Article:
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small landscape jobs

Discussion in 'Starting a Lawn Care Business' started by boonehockey, Oct 19, 2007.

  1. boonehockey

    boonehockey LawnSite Member
    Messages: 108

    how profitble would it be to do trimming mulching weeding planting but not mowing. i have a ford explorer and could get a 5 by 8 trailer if needed.
  2. Landscape25

    Landscape25 LawnSite Member
    from Florida
    Messages: 199

    That is what I do along with design and bigger installs. It has taken a few years but things are picking up. You are looking at a market that can afford a lawn person and a person to maintain the beds in most cases or they have an HOA that takes care of it and they are not happy with the job. It will take a lot longer per property than mowing would, therefore you have to charge a lot more. I also fertilize most of the properties I maintain. My lowest accounts are $60.00 every 4 weeks with fertilizer 4 times a year. You could do well but you probably won't be able to do that many properties in a day unless they are very small. You will probably make more money on the smaller ones too.
  3. supercuts

    supercuts LawnSite Silver Member
    Messages: 2,808

    it can be very profitable for you, you will have much lower overhead than me and still be able to charge $40/hr per man, at least arount here. it will be tough to get clients only doing these things because most of this type of work comes from regular mowing customers asking. my advice is to call as many Landscape companies and ask if they are booked up for this type of work and ask if they will give out your number. we are booked as are many LCO's around here and its always nice to have a number to give out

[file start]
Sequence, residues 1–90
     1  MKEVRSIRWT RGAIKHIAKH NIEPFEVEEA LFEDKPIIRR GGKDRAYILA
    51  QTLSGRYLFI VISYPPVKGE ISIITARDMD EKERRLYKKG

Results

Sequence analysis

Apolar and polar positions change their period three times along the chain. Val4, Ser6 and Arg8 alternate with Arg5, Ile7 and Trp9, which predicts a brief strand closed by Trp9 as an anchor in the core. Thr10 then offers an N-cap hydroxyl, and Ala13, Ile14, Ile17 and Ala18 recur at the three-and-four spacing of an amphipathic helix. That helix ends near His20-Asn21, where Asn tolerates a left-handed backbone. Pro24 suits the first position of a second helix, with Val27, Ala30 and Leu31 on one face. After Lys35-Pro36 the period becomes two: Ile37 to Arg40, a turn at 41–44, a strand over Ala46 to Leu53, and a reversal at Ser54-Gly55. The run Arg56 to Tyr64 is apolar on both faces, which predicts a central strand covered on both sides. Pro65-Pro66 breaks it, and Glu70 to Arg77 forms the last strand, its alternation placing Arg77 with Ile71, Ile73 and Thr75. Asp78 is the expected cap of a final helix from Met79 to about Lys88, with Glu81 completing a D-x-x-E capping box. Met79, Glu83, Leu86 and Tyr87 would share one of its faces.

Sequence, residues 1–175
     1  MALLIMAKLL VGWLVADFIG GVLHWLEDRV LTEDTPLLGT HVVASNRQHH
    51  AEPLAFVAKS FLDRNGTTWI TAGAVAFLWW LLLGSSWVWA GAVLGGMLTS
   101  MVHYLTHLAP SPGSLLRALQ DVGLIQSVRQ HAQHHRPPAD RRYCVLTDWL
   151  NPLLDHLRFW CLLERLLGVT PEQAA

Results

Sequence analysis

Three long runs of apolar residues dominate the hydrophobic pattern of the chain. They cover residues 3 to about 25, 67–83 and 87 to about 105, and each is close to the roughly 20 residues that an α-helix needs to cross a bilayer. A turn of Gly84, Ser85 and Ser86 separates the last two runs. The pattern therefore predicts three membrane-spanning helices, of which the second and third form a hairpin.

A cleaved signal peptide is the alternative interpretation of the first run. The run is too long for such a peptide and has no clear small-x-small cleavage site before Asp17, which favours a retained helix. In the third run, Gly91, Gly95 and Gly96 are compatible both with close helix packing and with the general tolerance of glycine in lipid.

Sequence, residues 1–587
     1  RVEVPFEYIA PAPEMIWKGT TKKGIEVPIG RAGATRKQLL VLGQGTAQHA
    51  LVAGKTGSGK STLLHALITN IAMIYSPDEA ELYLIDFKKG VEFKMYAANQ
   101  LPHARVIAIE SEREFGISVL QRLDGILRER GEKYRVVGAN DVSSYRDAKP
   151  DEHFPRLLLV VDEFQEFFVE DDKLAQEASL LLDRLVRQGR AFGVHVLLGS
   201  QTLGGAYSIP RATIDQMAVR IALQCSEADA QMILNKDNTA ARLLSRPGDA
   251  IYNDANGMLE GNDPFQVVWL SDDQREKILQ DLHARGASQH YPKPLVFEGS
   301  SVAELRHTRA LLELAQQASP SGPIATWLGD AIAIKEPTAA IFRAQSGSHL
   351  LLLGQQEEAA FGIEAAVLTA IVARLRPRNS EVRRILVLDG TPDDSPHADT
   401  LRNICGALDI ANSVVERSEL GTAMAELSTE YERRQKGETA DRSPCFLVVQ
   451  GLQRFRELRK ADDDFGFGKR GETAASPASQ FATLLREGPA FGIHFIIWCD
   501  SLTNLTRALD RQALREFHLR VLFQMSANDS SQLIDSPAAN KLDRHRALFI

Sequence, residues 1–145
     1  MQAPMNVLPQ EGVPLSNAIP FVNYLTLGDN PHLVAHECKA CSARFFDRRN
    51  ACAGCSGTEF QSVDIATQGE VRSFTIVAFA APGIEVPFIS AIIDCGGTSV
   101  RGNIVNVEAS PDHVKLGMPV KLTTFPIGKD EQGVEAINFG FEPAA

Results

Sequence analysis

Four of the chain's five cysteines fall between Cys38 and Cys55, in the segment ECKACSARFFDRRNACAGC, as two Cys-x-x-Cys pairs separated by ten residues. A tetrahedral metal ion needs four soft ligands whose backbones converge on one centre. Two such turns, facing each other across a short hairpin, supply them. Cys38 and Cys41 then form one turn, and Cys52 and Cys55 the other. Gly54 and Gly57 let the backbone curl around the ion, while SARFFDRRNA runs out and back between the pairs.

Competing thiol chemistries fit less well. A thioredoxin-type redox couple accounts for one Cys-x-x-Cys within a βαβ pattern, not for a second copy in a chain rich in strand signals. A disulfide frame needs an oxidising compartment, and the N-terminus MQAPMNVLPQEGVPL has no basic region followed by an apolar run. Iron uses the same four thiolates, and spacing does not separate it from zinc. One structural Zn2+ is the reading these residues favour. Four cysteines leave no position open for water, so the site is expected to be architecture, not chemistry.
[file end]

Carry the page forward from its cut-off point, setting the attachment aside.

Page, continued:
4. 93Chevy

    93Chevy LawnSite Fanatic
    Messages: 37,804

    That might be a good idea for the weekend with school or a full time job where it would be hard to run more than 10 mowing accounts.
  5. dwlah

    dwlah LawnSite Senior Member
    from Argo Al
    Messages: 558

    Get with some LCOs that dont like to or dont have the time to provide this service
    I draw a very short list of stuff I do outside of mowing
    installing a plant or two and some small flower beds are about all I do
    I refer all my landscape stuff to a friend that doesnt do mowing and he in return refers all his mowing stuff to me
    I also refer all my chemical stuff to another guy that thats all he does
    Yes I may miss out on some $$$ but I had rather do one thing well than three or four things half baked
  6. lawnpro724

    lawnpro724 LawnSite Silver Member
    Messages: 2,201

    Your not missing out on some $$$$ your missing out on a lot of $$$. Mowing is the least profitable part of this business. If you want to get ahead in this business you need to be doing more than just mowing. If your happy with just mowing thats great but landscaping can bring in around 75% of a company's income. Just think about all the overhead with mowing.
  7. dwlah

    dwlah LawnSite Senior Member
    from Argo Al
    Messages: 558

    I know Im missing out but at this stage(1st year full time) I decided this year I would concentrate on the mowing side
    My plan is to take some courses down at the botanical gardens this winter to help me with the landscaping side
    Right now I just dont feel I have the knowledge / experience to do large projects
    (I was shoved into the deep end of the pool about a year too early so Ive been staying above water)
  8. TPnTX

    TPnTX LawnSite Bronze Member
    Messages: 1,775

    I started out doing landscape jobs mainly with a few mows. The landscape has picked up but there are times when you have 5 jobs on the board all ready to sign a contract, then boom several of them decide not to sign for one reason or another.

    I also know that 2nd have of december, January, Febuary are going to be dead. 1st of March too.

    Cash flow. Mowing may not be as profitable but it is cash flow. If you do it right. We are going after small commercial where you spread the total yearly cost out over 12 months on a contract. I even have one residential customer who lives on 1.5 acres to sign up for this. I presented it to her as our "premium service" option.

    When I first started learning and reading about mowing of this forum, I always resisted the notion that you can get people to sign a contract. It seemed the mow, blow and go was becoming the norm and that may be true. So you have to do both. However you should at least have the option ready and don't be affaid to offer it. Not to mention the small commercial. Bid bid bid and bid.


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